Saturday, March 26, 2011
Hamilton's memoir makes a reader hunger for more
Estranged from her mother for more than 20 years, locked in a marriage that is about convenience rather than love is standard fare for a standard memoir.
But there is nothing standard about Gabrielle Hamilton's memoir, Blood, Bones & Butter. Despite a personal life that's almost painful to read about, Hamilton has produced a book that is a joyous celebration of life; made joyous, made celebratory by her almost visceral relationship with food and its preparation.
The chef and owner of Prune restaurant in New York City, Hamilton charts her intimate relationship with food from her childhood in rural Pennsylvania to her reckless decision to open Prune.
It is in those moments when she is writing about food -- and Hamilton clearly thinks about food a great deal -- that this book is at its strongest and best. Hamilton's passion and joy bubble forth.
Blood, Bones & Butter is the kind of book that makes you hungry for a thoughtfully prepared meal. It makes you want to dash into the kitchen and create something. It makes you want dinner reservations at Prune.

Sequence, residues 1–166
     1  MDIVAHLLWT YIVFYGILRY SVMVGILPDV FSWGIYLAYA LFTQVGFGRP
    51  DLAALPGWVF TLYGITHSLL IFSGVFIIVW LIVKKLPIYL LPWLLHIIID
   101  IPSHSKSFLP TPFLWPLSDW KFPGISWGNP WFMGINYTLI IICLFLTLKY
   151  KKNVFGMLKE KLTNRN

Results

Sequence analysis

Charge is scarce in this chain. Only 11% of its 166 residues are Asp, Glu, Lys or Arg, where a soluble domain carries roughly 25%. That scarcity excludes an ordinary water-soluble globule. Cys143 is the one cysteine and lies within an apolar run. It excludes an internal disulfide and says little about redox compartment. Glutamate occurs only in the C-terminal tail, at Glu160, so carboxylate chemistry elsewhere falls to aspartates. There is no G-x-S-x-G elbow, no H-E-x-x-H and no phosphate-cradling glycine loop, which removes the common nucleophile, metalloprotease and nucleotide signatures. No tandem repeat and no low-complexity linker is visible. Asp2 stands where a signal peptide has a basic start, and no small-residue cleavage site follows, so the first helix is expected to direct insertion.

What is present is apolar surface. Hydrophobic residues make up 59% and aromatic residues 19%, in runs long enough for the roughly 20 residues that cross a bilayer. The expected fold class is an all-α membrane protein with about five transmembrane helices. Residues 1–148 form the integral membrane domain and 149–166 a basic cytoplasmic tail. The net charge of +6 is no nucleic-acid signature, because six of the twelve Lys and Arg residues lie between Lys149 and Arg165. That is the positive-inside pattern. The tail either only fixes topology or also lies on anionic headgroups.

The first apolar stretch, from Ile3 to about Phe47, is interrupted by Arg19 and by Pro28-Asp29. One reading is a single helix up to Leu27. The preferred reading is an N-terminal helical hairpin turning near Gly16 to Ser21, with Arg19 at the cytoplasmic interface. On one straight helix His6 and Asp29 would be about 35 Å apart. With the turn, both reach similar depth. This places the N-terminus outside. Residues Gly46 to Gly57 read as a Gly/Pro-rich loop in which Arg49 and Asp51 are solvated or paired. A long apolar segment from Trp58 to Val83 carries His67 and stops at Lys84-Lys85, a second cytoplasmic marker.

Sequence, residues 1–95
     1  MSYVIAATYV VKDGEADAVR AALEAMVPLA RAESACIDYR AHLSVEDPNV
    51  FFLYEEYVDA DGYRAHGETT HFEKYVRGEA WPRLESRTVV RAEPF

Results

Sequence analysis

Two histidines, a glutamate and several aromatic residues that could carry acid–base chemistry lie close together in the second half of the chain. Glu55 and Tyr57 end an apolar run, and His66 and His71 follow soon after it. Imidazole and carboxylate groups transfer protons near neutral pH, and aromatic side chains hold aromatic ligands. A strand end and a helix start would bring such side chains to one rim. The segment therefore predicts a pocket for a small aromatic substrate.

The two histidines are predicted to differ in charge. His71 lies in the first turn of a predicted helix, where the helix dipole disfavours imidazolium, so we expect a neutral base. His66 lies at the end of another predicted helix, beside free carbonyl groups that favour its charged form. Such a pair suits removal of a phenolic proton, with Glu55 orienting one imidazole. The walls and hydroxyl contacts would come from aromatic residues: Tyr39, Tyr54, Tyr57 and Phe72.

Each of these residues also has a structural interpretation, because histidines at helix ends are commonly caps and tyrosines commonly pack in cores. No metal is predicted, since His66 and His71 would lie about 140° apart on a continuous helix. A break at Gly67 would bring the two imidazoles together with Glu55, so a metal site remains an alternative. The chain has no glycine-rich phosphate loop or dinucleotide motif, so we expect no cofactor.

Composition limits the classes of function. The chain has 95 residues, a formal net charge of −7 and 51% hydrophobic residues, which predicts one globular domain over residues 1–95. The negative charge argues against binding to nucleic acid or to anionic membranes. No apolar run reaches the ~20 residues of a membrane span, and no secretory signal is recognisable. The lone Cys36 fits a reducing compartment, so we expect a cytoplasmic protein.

And, most of all, it makes you hunger for another book by Hamilton. It's that delicious.
Fesperman's second book, The Small Boat of Great Sorrows, is a fast-paced, engaging thriller that charts the return of Vlado Petric, who first appeared in Fesperman's debut novel, Lie in the Dark.
Petric has been recruited by an American investigator for the war crimes tribunal at The Hague to help with a little matter in the Balkans. It's nothing much, a quick in-out and it could mean a new life for Petric, once a homicide detective, but now a heavy equipment operator at a construction site in Berlin.
Of course, nothing's ever so simple. Petric and the American are quickly ensnared in a complicated plot that involves war criminals from the past and present. Petric also uncovers tantalizing hints of his father's unsavory past. Hints that keep Petric nosing into the case even when he isn't certain he wants to know what he might uncover.
The Small Boat of Great Sorrows is a good a thriller as thrillers get. It's a engrossing, rewarding read.